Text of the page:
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This 4th of July: The dawn of a new 'independents' day

A record-high 38 percent of Americans now describe themselves as independents. Republican and Democratic party leaders ignore this growing lack of party allegiance at their peril. Whichever party shifts to accommodate more moderate voters first will survive and even thrive.

By Amy E. Black / July 2, 2012

House Speaker John Boehner of Ohio meets with reporters following a GOP strategy session on Capitol Hill in Washington May 31. Republicans are acutely aware that the presidential and congressional this fall are expected to turn on a thin margin of independent voters neither party can afford to alienate. Op-ed contributor Amy E. Black affirms: independents' 'lack of willingness to align with a party suggests the parties have an image problem.'

J. Scott Applewhite/AP/file


Wheaton, Ill.

This July 4th, as Americans celebrate Independence Day, a different type of independence is growing in size and influence – political independents, those voters who choose not to align with either major party.

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A recent Pew Research Center poll captured headlines with its report that the divide between Democrats and Republicans is widening into a significant gulf. That's indeed noteworthy, but the data reveal an equally important political development that risks getting overlooked. A record-high 38 percent of Americans now describe themselves as independents.

That's more than those who align with Democrats (about a third) or Republicans (about a quarter). The shift is most striking among younger generations – 45 percent of Millennials and 42 percent of Generation Xers.

What might this rise foretell?

Although the numbers suggest there is political space for a third party to succeed, the American political system provides strong incentives for voters and political elites to align with two, and only two, parties.

Most elections in the United States allow only one winner, and whoever receives the most votes wins. If many parties competed for a single seat, a person could win office with 20 percent, 15 percent, or even fewer votes, leaving almost everyone dissatisfied.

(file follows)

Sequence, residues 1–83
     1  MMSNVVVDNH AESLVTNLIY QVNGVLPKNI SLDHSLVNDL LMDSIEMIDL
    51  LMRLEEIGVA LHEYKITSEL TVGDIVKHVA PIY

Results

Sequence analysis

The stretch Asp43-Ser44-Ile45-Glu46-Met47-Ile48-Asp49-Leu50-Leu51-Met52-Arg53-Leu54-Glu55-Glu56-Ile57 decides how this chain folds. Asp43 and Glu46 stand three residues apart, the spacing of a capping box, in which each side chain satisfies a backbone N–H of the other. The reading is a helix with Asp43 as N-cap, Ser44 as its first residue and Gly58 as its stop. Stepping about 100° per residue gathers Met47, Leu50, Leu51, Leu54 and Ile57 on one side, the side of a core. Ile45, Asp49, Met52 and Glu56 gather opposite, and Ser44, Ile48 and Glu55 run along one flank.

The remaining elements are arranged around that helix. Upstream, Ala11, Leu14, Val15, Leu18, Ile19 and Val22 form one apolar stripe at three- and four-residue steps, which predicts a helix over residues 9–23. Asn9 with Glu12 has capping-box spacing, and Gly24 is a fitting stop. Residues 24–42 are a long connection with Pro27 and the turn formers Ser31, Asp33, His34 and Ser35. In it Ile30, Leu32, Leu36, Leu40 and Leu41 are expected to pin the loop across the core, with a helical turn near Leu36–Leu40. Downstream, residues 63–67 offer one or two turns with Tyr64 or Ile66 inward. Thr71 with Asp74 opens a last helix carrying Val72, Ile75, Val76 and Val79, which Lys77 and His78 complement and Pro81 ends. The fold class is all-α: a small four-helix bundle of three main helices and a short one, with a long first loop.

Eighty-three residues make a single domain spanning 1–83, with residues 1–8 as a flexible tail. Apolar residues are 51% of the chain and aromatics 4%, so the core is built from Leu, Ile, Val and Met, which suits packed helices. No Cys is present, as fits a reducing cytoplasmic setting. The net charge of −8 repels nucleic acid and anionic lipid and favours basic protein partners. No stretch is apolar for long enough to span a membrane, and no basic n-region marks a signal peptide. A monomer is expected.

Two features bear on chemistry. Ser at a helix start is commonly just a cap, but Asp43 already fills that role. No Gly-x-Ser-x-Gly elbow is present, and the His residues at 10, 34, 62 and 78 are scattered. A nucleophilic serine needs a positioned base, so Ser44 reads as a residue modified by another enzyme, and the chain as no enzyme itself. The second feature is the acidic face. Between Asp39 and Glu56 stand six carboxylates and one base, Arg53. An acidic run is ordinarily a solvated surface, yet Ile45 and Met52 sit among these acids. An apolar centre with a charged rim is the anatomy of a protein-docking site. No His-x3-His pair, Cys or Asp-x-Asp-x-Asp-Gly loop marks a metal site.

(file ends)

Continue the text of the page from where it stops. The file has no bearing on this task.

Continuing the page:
At the presidential level, if more than two candidates seriously contend the general election, the chance of anyone winning a majority in the Electoral College narrows. And strong third-party candidates are often considered "spoilers." Many Democrats still grumble over Ralph Nader "stealing" the 2000 election from Al Gore, while many Republicans complain about Ross Perot helping Bill Clinton in 1992.

In this primary season, the grass-roots group Americans Elect attempted to make a way for a nonpartisan presidential candidate. It failed miserably. No candidate earned enough support to cross the threshold to nomination.

What are the options for independent candidates, if not a third party? Our system is stacked against them, too. Ballot-access requirements, major fundraising networks, and winner-take-all elections offer significant advantages to candidates with party backing. Primaries in most states exclude independent voters or force them to choose sides.

Independent and third-party candidates made it onto the ballot in only 18 percent of state contests between 2000 and 2009, winning about 2 percent of the races they entered.

Independents are most likely to succeed when they are tied to a party (like Sen. Joe Lieberman, the career-Democrat who won reelection as an independent after losing a primary) or are in idiosyncratic political places like Maine and Vermont. Independent US Senate candidate Angus King is capturing media attention and may very well win his senatorial bid in Maine; but his candidacy is an outlier, not the bellwether.


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